3. Tyrese Haliburton, G, Sacramento Kings Another spot that will draw a lot of different names, I’ve got Haliburton here for his efficiency. 13ppg/3.0rpg/5.3apg is solid for a rookie, but 47/41/86 splits are amazing. Had he had the freedom/confidence to shoot more, we could have seen astronomical numbers, but the Kings are still figuring a lot of things out. He does not have any real shot of winning, and other rookies such as Jae’Sean Tate, Saddiq Bey, and Immanuel Quickley will all be fighting for a finalist spot, but I’ll take Haliburton for the future over any of those names.


6MOY

  1. Jordan Clarkson, G, Utah Jazz It’s not going to be the runaway I thought it would be at the all-star break, but I still believe Clarkson has been the best bench player this season. I wrote about his campaign here which highlights all the reasons he should still win, and the 18.4ppg/4.0rpg/2.5apg on 43/35/90 splits fits the 6MOY mold, but another man in Utah is making a push. The betting odds and nearly all writers still have Clarkson at the top spot, but it was made somewhat interesting as the season went on. The one-seed Jazz will have two award winners this season.

  2. Joe Ingles, F, Utah Jazz Arguably Clarkson’s biggest threat is his teammate, the Australian Lefty with precision aim. 12.1ppg/3.6rpg/4.7apg on 49/45/84 splits shows just how effective Ingles is when he’s on the court, and the Jazz second unit will absolutely abuse other benches in the playoffs with Clarkson and Ingles firing together. The only things working against Ingles in this award campaign are that he actually started thirty games for the Jazz this season (less than half, so he is eligible), and his lower scoring numbers, but the eye-test and analytics make this a much closer race than it would appear. He’s still my number two, and I’m sure Jazz fans are much more concerned with the fact that they could be playing the Lakers or Warriors in the first round as the one seed. Life is cruel in Salt Lake City.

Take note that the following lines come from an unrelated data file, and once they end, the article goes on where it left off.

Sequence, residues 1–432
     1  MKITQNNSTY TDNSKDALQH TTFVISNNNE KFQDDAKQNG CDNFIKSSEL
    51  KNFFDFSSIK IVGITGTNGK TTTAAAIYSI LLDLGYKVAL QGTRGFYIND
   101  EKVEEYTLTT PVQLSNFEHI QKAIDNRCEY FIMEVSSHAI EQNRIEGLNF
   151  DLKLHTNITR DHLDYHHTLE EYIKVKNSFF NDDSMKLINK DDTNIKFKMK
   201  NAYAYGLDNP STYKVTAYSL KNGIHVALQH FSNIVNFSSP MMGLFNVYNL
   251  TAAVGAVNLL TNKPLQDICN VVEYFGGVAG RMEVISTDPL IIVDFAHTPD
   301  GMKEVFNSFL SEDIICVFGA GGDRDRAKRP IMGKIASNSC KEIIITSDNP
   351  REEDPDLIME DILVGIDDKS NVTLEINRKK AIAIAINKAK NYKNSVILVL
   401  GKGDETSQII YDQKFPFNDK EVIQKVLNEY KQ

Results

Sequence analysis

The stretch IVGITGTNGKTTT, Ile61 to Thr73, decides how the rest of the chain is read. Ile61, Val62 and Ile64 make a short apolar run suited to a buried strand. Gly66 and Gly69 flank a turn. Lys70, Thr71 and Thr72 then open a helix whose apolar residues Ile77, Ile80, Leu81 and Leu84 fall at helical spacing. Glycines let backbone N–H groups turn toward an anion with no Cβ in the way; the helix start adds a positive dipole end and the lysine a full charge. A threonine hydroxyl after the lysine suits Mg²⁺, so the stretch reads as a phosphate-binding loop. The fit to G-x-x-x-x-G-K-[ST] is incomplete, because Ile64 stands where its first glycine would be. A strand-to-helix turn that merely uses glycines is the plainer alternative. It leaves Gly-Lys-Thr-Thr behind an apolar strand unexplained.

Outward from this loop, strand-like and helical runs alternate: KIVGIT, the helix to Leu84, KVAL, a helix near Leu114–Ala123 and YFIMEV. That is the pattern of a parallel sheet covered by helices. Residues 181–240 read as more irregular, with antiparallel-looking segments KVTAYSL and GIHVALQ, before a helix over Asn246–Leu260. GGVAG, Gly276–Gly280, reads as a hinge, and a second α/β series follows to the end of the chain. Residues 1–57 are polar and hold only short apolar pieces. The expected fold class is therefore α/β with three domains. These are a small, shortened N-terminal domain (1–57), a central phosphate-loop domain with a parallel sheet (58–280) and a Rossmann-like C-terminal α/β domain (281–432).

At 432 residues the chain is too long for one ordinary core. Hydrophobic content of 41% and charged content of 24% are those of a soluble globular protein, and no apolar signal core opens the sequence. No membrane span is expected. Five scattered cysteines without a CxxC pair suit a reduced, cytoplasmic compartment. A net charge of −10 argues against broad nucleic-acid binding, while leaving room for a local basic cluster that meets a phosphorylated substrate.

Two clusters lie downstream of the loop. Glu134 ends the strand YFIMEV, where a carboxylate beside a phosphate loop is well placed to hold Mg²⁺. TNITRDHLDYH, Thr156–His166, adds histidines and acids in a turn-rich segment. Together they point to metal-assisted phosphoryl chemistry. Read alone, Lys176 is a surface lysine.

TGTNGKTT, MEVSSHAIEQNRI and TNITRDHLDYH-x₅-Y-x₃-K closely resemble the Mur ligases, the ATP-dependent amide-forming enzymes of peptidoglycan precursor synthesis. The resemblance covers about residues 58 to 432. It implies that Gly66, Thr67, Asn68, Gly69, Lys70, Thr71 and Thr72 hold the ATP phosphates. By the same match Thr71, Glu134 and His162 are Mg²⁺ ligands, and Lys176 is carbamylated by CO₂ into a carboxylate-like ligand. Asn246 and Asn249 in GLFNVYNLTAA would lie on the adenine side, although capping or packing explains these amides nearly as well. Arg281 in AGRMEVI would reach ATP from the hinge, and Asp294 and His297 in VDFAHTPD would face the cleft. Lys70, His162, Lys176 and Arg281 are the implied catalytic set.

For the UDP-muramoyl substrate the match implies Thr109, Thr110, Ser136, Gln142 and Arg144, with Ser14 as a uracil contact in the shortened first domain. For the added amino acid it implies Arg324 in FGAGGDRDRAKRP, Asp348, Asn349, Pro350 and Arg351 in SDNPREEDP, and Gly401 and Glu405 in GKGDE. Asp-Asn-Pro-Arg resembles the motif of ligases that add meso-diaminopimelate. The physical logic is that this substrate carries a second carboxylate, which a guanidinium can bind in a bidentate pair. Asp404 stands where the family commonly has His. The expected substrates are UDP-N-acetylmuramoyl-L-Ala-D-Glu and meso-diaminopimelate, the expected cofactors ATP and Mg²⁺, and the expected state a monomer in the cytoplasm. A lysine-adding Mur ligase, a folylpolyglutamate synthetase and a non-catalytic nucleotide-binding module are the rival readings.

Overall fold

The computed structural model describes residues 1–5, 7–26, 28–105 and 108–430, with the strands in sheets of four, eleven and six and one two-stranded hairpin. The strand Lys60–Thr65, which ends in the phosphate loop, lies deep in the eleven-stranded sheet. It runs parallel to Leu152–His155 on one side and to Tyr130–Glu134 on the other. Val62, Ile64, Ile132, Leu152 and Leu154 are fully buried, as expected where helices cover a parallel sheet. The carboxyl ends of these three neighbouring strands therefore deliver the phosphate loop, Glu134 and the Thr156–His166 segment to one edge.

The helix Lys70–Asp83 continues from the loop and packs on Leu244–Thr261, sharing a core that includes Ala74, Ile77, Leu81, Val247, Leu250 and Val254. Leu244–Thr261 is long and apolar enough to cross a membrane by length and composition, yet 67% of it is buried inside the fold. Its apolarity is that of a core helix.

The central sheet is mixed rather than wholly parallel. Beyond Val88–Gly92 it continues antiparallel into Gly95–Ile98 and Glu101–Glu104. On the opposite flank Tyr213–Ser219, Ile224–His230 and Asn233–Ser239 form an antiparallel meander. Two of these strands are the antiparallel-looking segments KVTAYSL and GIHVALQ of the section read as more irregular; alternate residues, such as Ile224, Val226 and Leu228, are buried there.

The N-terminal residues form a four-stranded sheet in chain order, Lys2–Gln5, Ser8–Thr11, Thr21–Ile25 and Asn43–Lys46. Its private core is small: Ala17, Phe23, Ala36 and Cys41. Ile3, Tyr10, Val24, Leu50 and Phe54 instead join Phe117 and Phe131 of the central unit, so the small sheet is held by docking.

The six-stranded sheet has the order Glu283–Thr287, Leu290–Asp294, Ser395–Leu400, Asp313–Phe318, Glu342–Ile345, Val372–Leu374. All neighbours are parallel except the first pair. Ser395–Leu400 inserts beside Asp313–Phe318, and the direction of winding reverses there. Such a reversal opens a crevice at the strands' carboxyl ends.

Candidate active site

3. Carmelo Anthony, F, Portland Trailblazers I have no strong opinions as to who should come in third for this award, so I am going to do the classic homer-vote and throw Carmelo here. Once considered, absolutely washed, Carmelo has been great for the Blazers in the season and a half he has been on the roster. Often given free reign over the second unit, Anthony has made a hobby of taking younger, smaller players to the block and showing them why he’s a top ten scorer in NBA history. 13.4ppg/3.1rpg/1.5apg is pretty standard stuff, but the 42/41/89 splits show the damage he can do. He can’t carry a team for an entire quarter any more, but he is still one of the best to ever do it, and I happily throw him this vote.


MIP

  1. Julius Randle, F, New York Knicks The fact that I didn’t choose Julius Randle for my mid-season pick is unforgivable, but I will apologize for it. Randle has gone from an inefficient, empty stats player to an absolute beast for a surprising Knicks team, and deserves to unanimously take MIP home. Going from 19.5ppg/9.7rpg/3.1apg on 46/28/73 splits last season to 24.1ppg/10.2rpg/6.0apg on 46/41/81 splits on only 5 more minutes played per game is an enormous jump, and seeing how this New York team has responded to his leadership is genuinely inspiring. While this may be his peak, seeing a player totally turn around the perception of his career and bringing success to an organization that badly needed some is a beautiful thing, and there is no one else in the league who can even come close. Randle has this one locked up.